FB_IMG_1437078777344Yesterday was a bad day altogether. My girl came home with a raging case of poison ivy on her face, especially near her eyes. She was itchy and cranky and I hadn’t slept in a couple of days (freaking hot flashes) and I wasn’t going to spend any time with 3b and blah blah. Once the Benadryl and calamine lotion kicked in I took a minute and looked at my phone. I was tagged in something an old poetry friend had posted. I have been posting old photos and sites of disgusting retro food. Jell-o molds from the waspy dinner party days of the 1950’s, 60’s and 70’s. There was one with a hollowed out bologna with peas in it. It has been a running joke with me, Capri, my niece and a couple other retro food friends. The subject of the post was an obituary of one of my friends and mentor, Paul.

I can’t remember exactly when I met Paul. It was probably the epicenter of my universe at the time: QE2. It was the only game in town at that time for poetry, well as far as I was concerned. I believe Paul was performing some of his White Boy poems. White Boy was a character that was actually Paul. He was pissed at the electric company (Niagara Mohawk) or he was reading his famous poem about how he stole a Greyhound bus and drove it into the water in Washington Park. When he was done, I can remember he approached me and asked me if I would like to do a chap book with him. He said that he loved a girl that could swear and write. I thought he was trying to bang me. Remember, I used to be really cute, I was the youngest girl in the poetry scene and I was mean as cat shit. It was a deadly combination. He was married at the time and I told him sure, we could do a chapbook together. What would it be about? He said he wanted to take my work and turn in inside out and come at it from a male perspective. We ended up doing three chapbooks together. We also ended up having kind of a non sexual love affair.

I loved talking to him. He was always full of stories. He had a Mohawk and on either side of his head he had tattooed lightning bolts from where he had electro shock therapy. I believe he pleaded insanity for stealing the bus. Truth was he was drunk. He loved a beer and had quit for several years before finding his moderation. He would come into The (Real) Lark Tavern to see me and he would end up staying and buying my crazy day boys beers and they would talk about Albany and the history as they remembered it. He was charming and women loved this crazy bastard. I would just shake my head and wonder.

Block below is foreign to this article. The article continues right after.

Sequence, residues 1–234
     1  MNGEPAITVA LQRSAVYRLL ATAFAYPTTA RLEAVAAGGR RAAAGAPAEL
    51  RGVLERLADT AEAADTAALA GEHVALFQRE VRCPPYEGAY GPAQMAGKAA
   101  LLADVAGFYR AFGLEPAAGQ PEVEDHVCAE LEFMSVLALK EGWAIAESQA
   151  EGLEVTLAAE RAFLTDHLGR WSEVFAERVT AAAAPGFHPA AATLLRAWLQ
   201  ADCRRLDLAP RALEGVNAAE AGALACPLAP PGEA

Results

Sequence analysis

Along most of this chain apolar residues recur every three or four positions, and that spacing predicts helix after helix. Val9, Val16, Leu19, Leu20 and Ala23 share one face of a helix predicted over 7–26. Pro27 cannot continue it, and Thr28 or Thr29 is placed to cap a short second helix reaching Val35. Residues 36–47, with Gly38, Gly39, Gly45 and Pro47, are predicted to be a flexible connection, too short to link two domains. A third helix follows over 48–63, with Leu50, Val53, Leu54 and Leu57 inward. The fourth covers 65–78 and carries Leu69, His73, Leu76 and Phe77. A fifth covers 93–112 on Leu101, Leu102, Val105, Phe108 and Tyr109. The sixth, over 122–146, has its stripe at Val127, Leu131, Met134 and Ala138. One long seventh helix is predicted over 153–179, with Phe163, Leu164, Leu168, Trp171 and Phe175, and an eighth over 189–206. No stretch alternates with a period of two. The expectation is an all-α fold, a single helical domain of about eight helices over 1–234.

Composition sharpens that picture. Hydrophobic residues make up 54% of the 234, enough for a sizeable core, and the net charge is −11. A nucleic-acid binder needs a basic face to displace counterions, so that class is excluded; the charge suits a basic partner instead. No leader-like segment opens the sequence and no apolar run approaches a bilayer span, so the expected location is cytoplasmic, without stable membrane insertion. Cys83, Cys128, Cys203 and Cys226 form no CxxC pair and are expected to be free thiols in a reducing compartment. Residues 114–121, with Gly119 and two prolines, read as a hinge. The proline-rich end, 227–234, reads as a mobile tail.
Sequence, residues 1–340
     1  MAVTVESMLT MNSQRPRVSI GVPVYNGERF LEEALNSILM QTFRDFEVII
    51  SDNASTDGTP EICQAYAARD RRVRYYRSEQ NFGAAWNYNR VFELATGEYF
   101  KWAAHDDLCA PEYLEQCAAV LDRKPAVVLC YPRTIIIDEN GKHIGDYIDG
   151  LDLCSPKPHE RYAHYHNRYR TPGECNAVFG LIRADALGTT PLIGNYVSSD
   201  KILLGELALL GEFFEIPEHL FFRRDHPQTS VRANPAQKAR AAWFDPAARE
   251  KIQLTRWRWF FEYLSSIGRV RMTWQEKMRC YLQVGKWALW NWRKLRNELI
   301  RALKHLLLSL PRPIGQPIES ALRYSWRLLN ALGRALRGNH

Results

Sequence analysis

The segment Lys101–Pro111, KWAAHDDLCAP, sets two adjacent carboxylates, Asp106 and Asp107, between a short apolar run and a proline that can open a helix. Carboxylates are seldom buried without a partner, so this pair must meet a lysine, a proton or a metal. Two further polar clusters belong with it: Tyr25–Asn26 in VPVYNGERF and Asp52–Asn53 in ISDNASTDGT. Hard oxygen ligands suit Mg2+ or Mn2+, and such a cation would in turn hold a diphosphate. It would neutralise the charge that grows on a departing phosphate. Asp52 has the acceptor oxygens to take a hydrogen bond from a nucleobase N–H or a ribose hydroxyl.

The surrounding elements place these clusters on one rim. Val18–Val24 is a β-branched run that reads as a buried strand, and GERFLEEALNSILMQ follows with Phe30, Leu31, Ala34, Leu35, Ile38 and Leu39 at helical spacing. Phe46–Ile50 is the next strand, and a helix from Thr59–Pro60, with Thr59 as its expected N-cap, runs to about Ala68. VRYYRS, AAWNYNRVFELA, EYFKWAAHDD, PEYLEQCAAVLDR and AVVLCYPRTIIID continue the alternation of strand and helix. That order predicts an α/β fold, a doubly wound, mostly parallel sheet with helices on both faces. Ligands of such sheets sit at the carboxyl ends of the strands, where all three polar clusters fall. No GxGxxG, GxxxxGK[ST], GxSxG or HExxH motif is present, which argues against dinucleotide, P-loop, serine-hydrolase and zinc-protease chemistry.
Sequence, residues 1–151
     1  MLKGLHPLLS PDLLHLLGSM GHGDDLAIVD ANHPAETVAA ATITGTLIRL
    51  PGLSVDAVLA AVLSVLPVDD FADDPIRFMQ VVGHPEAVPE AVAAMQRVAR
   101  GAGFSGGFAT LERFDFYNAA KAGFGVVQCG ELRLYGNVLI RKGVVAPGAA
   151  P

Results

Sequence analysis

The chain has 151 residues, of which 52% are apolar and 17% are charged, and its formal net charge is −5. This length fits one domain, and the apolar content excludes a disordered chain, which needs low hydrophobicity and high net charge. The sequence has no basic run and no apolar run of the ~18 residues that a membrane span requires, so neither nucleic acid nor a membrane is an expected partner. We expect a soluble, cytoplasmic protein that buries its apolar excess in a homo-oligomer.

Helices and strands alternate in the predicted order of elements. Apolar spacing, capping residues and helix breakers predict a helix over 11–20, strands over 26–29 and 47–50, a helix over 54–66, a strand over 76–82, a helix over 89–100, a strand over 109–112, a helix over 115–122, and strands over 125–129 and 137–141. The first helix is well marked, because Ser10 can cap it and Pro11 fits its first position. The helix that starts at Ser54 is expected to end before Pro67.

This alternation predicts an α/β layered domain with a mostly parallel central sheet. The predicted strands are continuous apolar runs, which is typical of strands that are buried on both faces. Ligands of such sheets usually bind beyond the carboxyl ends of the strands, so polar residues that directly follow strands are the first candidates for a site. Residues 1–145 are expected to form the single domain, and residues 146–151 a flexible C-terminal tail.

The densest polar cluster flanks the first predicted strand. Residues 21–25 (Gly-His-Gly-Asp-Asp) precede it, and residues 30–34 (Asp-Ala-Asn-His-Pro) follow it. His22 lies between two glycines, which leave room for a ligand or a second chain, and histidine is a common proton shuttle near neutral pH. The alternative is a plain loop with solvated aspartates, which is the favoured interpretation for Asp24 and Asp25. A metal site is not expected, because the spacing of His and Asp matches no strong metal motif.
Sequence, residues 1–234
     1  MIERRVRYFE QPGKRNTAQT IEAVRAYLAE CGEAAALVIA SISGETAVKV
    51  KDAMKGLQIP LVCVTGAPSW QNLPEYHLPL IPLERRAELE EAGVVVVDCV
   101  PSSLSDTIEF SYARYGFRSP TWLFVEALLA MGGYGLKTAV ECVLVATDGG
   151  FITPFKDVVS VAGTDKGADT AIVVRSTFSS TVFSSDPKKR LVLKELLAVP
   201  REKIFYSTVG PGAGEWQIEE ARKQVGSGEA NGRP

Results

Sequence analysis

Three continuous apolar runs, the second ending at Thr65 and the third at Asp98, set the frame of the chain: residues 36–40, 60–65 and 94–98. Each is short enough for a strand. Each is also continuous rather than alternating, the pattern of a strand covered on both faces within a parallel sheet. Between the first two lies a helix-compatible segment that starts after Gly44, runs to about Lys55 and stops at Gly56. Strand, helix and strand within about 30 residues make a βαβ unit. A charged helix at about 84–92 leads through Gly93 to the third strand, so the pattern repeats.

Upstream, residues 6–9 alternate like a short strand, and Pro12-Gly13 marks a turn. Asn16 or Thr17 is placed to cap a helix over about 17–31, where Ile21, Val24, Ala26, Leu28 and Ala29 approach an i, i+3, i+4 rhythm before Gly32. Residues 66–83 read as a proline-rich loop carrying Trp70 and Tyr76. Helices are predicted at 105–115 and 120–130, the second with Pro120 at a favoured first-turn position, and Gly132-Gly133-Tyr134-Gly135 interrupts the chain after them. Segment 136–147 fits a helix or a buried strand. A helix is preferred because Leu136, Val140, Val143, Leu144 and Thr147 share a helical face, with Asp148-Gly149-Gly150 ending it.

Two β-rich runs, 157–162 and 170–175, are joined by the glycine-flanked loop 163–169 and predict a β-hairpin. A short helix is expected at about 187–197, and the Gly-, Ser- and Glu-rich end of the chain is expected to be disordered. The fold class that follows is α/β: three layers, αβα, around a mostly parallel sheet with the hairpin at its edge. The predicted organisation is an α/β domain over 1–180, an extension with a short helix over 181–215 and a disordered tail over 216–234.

Me: You must be packing some heat to make women act the way they do around you.

Paul: You wanna find out?

Me: Oh dear God no. You are too old and gross.

Paul was always pushing buttons and going too far. During the 1990’s, as new venues opened up to us ragged, “street” poets (a term used for the non-academic poets) Paul would show up to read and if he was wearing sweat pants we knew we not to sit next to him. He get up on stage and tear his clothes off and read butt ass naked. Sometimes he would be naked with a catcher’s mask. Again, I am not remembering why he did that only that he did. After a while, once the shock wore off, he would just come back to his seat and sit down, still naked, sometimes with the catcher’s mask, almost always with reading glasses and just listen to the next poet up and laugh. He would look over at me and I would shake my head and loudly whisper to him to pull up his damn porno pants.

I had a lot of success in the 1990’s getting published in small press zines. I keep all of them in bins in my basement and they were marked, “Mary’s weird stuff” by my niece, Thing 2. I had enough success to be able to go with a good friend and writing partner, Gina, to an underground press conference in Chicago. She did a really successful zine called IN YOUR FACE. I went twice and the second year we went Paul was one of the main poets on the program. By this time my ego was in over drive and being able to piggy back on the fact that I knew Paul had my back with these people, Gina and I went nuts. The first night we were there Gina and I had brought back packs and after listening to several speeches about how great we all were, we decided we needed to take the party to the next level. We basically drank, filled our back packs, pocketbooks, jackets, friend’s pockets and jackets with not only the buffet but the bar and announced that the party would be on our floor of the dorms (we stayed for cheap at DePaul University where the conference was held) then I took a 20lb cheese sculpture, complete with crackers and off we went. That party lasted until noon the next day. As we got to our floor, with about a 60 people straggling behind us I open the door to my room and there is Paul, lying in my bed with a large red headed woman with Lisa Lob glasses.

Me: Really, in my bed?

Paul: What? She is one of the organizers

I could tell a million Paul stories. I can tell you that he lived a million lives every day. He was an amazing artist in every sense of the word. I can tell you that even though we lost touch after I got married and he got married, I still felt close to him. The last time I saw him was at Target or WalMart. He was deteriorating with Alzheimer’s. I saw him and his lovely, devoted wife kind of guiding him along. I went over and she recognized me right away and graciously smiled. I asked how he was doing and he said great.

Paul: So are you still writing?

Me: Yup, I still am.

I said good bye. I am saying good bye again. I will see you on the other side White Boy.

Please wear pants.